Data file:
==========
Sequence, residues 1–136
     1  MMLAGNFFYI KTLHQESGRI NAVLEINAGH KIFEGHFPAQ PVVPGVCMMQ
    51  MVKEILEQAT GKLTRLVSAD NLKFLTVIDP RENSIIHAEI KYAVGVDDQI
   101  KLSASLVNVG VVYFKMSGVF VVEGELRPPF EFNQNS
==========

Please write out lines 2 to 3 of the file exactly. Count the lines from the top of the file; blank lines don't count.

     1  MMLAGNFFYI KTLHQESGRI NAVLEINAGH KIFEGHFPAQ PVVPGVCMMQ
    51  MVKEILEQAT GKLTRLVSAD NLKFLTVIDP RENSIIHAEI KYAVGVDDQI